Intro

In the previous post I have described Shared Access Signature mechanism. In this post am going to talk about Stored Access Policies and how it should be used with SAS.

Prerequisites

Refer to previous posts to get started with Azure Storage Queue Service.

Code

A stored access policy is defined on a resource container - a blob container, table, queue, or file share - and can be used to manage constraints for one or more shared access signatures. When you associate a SAS with a stored access policy, the SAS inherits the constraints - the start time, expiry time, and permissions - defined for the stored access policy. In this post I will focus on queues.

Each and every queue has a set of permissions. This set of permissions has a list of SharedAccessPolicies that can be modified.

Consider the following example:

var queue1 = queueClient.GetQueueReference("test");
queue1.CreateIfNotExists();
queue1.Clear();

var permissions = new QueuePermissions();
permissions.SharedAccessPolicies.Add("sas-test-policy", new SharedAccessQueuePolicy
{
    SharedAccessStartTime = DateTime.UtcNow.AddMinutes(-15),
    SharedAccessExpiryTime = DateTime.UtcNow.AddMinutes(15),
    Permissions = SharedAccessQueuePermissions.ProcessMessages
});

queue1.SetPermissions(permissions);
var sasToken = queue1.GetSharedAccessSignature(new SharedAccessQueuePolicy(), "sas-test-policy");

var queue2 = new Microsoft.WindowsAzure.Storage.Queue.CloudQueue(queue1.Uri, new StorageCredentials(sasToken));

queue1.AddMessage(new CloudQueueMessage("sas-test-1"));
var message1 = queue2.GetMessage();
Console.WriteLine(message1.AsString);
queue2.DeleteMessage(message1);

permissions = queue1.GetPermissions();
permissions.SharedAccessPolicies["sas-test-policy"].Permissions =
    SharedAccessQueuePermissions.ProcessMessages | SharedAccessQueuePermissions.Add;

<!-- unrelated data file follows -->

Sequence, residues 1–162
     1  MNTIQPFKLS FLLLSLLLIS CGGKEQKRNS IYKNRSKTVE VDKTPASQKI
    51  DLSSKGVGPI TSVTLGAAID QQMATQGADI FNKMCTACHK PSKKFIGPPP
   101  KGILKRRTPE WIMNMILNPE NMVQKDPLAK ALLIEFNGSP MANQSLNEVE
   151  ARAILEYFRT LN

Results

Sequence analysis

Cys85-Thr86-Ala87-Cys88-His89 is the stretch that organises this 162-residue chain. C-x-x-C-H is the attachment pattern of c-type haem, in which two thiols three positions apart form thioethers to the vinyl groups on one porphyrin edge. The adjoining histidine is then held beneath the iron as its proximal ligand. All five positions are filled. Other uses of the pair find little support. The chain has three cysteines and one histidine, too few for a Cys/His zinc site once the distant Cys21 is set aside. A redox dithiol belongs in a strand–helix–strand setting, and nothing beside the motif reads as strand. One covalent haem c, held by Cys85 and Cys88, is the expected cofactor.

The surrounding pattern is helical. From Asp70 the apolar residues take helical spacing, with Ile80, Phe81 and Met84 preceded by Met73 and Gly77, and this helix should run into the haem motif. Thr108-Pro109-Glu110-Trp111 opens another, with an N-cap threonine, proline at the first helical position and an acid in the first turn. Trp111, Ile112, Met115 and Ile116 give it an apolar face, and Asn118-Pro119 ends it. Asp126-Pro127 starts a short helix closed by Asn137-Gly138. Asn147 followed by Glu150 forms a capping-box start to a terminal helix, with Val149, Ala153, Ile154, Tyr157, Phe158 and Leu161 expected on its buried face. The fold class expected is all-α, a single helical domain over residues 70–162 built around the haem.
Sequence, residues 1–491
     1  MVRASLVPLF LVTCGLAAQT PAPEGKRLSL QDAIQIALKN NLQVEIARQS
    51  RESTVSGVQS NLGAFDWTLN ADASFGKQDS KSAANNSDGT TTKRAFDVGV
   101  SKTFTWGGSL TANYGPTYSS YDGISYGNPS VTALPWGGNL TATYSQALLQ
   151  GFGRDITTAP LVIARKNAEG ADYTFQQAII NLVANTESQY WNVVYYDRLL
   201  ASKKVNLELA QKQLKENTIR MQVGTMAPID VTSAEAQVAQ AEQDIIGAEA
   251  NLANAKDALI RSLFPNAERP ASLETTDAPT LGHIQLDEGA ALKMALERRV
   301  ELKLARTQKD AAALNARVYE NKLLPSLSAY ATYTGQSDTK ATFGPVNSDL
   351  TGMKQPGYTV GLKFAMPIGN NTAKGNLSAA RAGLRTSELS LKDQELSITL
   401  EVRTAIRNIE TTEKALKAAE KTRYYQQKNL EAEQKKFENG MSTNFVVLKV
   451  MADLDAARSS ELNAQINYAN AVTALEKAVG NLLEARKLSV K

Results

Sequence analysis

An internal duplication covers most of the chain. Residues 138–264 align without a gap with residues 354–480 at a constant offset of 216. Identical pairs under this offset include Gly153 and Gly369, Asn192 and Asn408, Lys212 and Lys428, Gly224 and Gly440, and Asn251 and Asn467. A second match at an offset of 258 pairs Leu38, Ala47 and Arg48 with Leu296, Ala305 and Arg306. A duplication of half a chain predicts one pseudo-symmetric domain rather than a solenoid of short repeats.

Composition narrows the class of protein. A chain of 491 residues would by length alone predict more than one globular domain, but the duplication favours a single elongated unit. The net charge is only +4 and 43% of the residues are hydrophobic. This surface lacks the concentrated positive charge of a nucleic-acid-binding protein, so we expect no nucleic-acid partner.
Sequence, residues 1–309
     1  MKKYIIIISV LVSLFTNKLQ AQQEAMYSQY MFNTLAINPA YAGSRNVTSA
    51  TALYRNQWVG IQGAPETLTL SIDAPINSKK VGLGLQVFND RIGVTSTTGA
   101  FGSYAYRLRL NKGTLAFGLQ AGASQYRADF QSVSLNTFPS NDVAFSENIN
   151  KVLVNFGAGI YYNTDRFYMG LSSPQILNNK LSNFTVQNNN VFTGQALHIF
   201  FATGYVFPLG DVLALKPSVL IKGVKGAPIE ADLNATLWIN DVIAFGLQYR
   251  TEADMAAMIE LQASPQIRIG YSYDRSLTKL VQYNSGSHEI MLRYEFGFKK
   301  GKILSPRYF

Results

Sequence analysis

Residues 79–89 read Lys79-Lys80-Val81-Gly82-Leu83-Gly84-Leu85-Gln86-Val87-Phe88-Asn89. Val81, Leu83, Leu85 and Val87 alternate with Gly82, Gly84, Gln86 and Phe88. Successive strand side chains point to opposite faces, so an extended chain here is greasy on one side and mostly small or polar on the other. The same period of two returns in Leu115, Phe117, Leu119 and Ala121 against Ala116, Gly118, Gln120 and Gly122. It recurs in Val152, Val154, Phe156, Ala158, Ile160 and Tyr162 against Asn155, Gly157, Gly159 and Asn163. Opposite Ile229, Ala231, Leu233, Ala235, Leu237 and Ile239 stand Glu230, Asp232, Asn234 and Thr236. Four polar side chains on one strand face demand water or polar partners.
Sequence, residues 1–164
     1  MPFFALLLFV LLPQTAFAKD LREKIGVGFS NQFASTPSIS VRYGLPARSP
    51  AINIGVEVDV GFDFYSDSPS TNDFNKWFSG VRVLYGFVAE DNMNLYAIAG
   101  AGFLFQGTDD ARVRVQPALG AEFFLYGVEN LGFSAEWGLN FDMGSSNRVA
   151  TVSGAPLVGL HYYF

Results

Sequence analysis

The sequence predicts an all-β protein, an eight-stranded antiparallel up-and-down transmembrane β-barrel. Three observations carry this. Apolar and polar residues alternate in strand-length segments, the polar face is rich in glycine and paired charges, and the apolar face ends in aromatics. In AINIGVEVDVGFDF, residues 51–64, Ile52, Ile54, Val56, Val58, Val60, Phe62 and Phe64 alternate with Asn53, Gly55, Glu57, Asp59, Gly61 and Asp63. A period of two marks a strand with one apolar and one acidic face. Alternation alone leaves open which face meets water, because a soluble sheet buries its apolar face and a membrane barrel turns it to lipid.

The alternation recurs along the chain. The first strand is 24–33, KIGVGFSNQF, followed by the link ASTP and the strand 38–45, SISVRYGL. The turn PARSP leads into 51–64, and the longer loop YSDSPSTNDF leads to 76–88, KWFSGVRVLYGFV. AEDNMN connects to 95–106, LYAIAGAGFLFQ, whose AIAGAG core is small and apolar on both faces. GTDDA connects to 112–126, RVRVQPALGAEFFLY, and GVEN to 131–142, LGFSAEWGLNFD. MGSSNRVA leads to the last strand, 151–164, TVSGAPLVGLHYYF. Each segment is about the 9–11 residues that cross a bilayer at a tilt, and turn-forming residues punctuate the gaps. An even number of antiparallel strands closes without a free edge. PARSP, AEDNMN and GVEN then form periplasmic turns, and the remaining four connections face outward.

queue1.SetPermissions(permissions);

queue2.AddMessage(new CloudQueueMessage("sas-test-2")); // Now it is possible to added messages from second queue
var message2 = queue1.GetMessage();
Console.WriteLine(message2.AsString);
queue2.DeleteMessage(message2);

permissions = queue1.GetPermissions();
permissions.SharedAccessPolicies.Clear();
queue1.SetPermissions(permissions);

queue1.AddMessage(new CloudQueueMessage("sas-test-3"));
var message3 = queue2.GetMessage();
Console.WriteLine(message3.AsString);
queue2.DeleteMessage(message3);

This code uses two instances of CloudQueue to showcase how a stored access policy can be added, modified and removed. At first I created the shared access policy called sas-test-policy with SharedAccessQueuePermissions.ProcessMessages permissions. First queue object adds the message and second queue object gets the message from the queue. After that I modified the policy to also allow SharedAccessQueuePermissions.Add, now second queue object has permission to add messages to queue. After that I completely remove sas-test-policy so the second queue object fails to GetMessage with (403) Forbidden exception.

Note that when a shared access signature is associated with a container-level access policy then individual features of the SharedAccessPolicy can only appear either in the container-level access policy or the GetSharedAccessSignature() request. Microsoft suggests a best practice for shared access signatures is to always associate them with a container-level access policy precisely so they can be revoked if necessary.

Summary

In this post I have described Stored Access Policies and provided basic code samples. Stored Access Policies is a great way to manage Shared Access Signatures. They are easy to create and manager, but still very powerful, I hope Microsoft will implement them for account-level SAS. In the next post I am going to describe the azure queue storage metadata.


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